Hunted for body parts, Tanzania’s albinos get help from B.C. man
Ten-year-old Manyasi was transferred to the Mitindo school for the blind after five-year-old albino sister, Mariam Emmanuel, was killed in 2008. Tony Karumba/AFP/Getty Images
Ruvu Mnazi, Tanzania — Globe and Mail Monday, Apr. 26, 2010
Her face still scarred by the machete attack that nearly killed her, Rukia Khalfani cannot hide her astonishment when she gazes into the eyes of the Canadian who has come to comfort her. His eyes are as pale as hers, and his skin is as white.
She had no idea that albinos existed outside Tanzania. She laughs in amazement.
“I want you to know that I am your brother,” the visitor from Canada, Peter Ash, said. “You and your children are just absolutely beautiful.”
It’s a message she has never heard before. Shunned by her village, she raised her children in isolation in a mud-and-stick hut on the edge of the jungle, where her teenage daughter could escape the taunts and threats of her classmates.
When people passed by their home, she heard them shouting “dili dili”– the Swahili word for “deal” – a reference to the lucrative profits they could make by selling her body parts to witch doctors. It’s a word that Tanzania’s albinos hear every day.
On the night of Feb. 7, a machete-wielding man crept up to her hut in darkness. When she stepped outside, carrying her infant daughter on her back, the man slashed viciously at the baby, trying to sever her leg. He pursued them into the hut, slashing Ms. Khalfani on the forehead, leaving her with blood pouring over her face.
It was the 60th reported attack on Tanzanian albinos since 2007. It was followed by two more attacks this month, including the killing last Sunday of a four-year-old girl whose right arm and leg were chopped off. At least 56 albinos have been killed in the attacks, and many more are believed to have died in unreported cases.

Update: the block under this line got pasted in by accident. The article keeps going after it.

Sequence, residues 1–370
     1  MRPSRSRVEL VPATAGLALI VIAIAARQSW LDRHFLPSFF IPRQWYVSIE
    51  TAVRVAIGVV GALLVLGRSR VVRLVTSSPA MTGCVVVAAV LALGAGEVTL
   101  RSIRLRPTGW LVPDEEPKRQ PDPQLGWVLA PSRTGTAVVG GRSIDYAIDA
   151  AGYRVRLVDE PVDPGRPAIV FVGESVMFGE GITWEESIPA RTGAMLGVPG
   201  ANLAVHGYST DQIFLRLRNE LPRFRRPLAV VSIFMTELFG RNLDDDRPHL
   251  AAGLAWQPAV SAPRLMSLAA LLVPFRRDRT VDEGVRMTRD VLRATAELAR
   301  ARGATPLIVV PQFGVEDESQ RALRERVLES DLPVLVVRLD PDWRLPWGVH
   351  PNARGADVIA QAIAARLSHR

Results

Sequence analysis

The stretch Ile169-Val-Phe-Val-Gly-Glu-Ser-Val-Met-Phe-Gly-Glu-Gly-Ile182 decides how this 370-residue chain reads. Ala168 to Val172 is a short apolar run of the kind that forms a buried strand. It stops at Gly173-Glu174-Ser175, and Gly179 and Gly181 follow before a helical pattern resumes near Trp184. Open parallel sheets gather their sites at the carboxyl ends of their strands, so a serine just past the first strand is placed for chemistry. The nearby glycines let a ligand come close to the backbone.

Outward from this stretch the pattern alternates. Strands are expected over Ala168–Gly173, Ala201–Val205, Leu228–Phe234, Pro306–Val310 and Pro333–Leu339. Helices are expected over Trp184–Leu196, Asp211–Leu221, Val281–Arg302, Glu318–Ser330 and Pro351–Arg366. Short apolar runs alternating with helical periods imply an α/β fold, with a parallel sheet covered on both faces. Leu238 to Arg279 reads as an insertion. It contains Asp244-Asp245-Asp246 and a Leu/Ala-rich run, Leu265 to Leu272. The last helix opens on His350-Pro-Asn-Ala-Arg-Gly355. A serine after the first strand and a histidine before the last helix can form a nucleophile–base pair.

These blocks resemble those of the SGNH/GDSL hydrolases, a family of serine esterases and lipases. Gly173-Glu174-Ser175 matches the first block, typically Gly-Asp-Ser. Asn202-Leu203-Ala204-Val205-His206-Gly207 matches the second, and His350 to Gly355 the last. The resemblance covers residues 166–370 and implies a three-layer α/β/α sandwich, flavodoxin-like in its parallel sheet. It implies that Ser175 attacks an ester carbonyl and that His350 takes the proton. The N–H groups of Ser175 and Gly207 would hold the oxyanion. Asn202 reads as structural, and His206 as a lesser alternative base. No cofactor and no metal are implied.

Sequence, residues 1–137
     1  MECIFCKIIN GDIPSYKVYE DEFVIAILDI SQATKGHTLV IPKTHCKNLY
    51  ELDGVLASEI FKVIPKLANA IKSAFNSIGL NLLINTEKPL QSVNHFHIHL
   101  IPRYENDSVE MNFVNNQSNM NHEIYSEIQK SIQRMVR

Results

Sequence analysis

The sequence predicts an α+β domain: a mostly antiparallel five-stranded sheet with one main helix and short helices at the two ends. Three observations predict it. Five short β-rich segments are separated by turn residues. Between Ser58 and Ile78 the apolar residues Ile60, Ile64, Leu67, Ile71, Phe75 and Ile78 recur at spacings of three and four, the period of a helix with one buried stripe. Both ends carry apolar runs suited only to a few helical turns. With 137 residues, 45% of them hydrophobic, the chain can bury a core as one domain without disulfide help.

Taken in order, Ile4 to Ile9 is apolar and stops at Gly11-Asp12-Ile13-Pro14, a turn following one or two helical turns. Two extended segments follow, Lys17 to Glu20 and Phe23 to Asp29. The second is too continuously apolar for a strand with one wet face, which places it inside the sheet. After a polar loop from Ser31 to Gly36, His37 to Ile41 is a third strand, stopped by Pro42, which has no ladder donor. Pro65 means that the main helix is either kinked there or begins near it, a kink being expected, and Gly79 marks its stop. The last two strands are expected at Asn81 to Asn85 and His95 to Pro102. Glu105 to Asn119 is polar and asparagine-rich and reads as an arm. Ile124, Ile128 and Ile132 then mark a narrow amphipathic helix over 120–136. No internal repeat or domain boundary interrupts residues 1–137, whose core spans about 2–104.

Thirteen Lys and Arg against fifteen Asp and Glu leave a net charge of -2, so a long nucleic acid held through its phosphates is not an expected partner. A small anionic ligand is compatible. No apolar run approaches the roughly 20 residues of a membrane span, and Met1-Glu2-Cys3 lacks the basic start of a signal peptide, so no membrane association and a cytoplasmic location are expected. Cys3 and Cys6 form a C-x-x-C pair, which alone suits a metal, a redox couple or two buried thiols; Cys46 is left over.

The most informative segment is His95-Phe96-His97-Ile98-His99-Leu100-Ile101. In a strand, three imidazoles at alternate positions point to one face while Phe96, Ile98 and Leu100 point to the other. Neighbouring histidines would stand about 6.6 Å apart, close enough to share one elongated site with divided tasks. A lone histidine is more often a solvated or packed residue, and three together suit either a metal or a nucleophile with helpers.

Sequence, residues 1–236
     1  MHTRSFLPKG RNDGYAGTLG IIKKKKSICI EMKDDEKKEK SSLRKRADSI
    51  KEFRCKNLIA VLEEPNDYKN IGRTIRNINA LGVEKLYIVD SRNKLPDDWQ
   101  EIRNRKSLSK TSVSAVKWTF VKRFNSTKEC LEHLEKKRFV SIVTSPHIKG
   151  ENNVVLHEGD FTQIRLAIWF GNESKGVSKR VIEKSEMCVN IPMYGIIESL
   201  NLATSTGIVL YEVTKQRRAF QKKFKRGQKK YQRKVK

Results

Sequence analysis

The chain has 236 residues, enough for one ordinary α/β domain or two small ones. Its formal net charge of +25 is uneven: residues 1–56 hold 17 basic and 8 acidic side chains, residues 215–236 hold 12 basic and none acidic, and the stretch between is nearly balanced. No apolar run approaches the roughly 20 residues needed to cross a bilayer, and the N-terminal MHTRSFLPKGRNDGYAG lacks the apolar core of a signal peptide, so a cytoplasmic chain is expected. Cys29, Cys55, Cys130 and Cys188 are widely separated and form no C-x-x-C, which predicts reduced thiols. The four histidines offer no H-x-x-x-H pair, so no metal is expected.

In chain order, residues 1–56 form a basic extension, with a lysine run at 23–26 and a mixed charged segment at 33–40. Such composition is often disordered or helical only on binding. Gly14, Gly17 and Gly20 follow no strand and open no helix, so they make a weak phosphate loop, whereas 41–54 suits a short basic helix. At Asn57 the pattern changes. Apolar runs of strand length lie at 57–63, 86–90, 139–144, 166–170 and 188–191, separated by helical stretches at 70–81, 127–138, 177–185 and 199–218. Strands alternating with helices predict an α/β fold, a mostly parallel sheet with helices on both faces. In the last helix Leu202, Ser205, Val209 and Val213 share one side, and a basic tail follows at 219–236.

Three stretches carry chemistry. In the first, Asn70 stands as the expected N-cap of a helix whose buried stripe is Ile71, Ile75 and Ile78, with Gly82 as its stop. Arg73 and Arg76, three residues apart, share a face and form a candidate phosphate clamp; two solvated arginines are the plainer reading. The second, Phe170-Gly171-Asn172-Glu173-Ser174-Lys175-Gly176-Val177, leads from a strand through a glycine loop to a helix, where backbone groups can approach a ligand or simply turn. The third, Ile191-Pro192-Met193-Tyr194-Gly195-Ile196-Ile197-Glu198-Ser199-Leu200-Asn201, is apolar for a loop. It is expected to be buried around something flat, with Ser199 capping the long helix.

The grisly trade in albino body parts is supported by powerful forces – even politicians and police officers, according to experts – and prosecutions have been slow. At least five policemen were among the dozens arrested after the attacks, but only two of the 56 homicides have led to criminal convictions. The affluent buyers who pay for the body parts have never been identified in court or police records.
Mr. Ash, a 44-year-old B.C. businessman who himself has albinism, is trying to change all of this. He has spent $1-million in a campaign against the albino killings, setting up an organization in Tanzania to lobby for justice and educate the public. He plans to spend a further $500,000 to $1-million annually to keep the fight alive.
Albinism, a genetic condition that causes a lack of pigmentation in the hair, skin and eyes, is more common in Africa than in North America. Most of the estimated 100,000 albinos in Tanzania are persecuted and fearful, and poorly educated because of vision problems. Mr. Ash visits the attack survivors to dispel the myths and provide support and scholarships.
This week, on his fifth trip to Tanzania since 2008, Mr. Ash drove down the narrow, bumpy roads to Ms. Khalfani’s village to offer assistance. When he met Ms. Khalfani, he took off his glasses and showed her his nearly blind eyes and his easily burned white skin.
Her 14-month-old daughter has a vivid purple scar running from her thigh to her hip, where the attacker tried to chop off her leg. The assailant escaped, but Ms. Khalfani’s husband and another man were detained for 10 days of questioning.
Her husband denies any involvement, but she has separated from him and moved into her mother’s home for protection. “I don’t trust people very much nowadays,” she told Mr. Ash. “I just stay at home with my mother. I don’t even go out for firewood.”
Albinos are often betrayed by husbands or other relatives, lured by payments of up to $3,000 for an albino limb and $75,000 for a “full set” of albino body parts. The parts are ground into potions and talismans that are believed to bring wealth and power.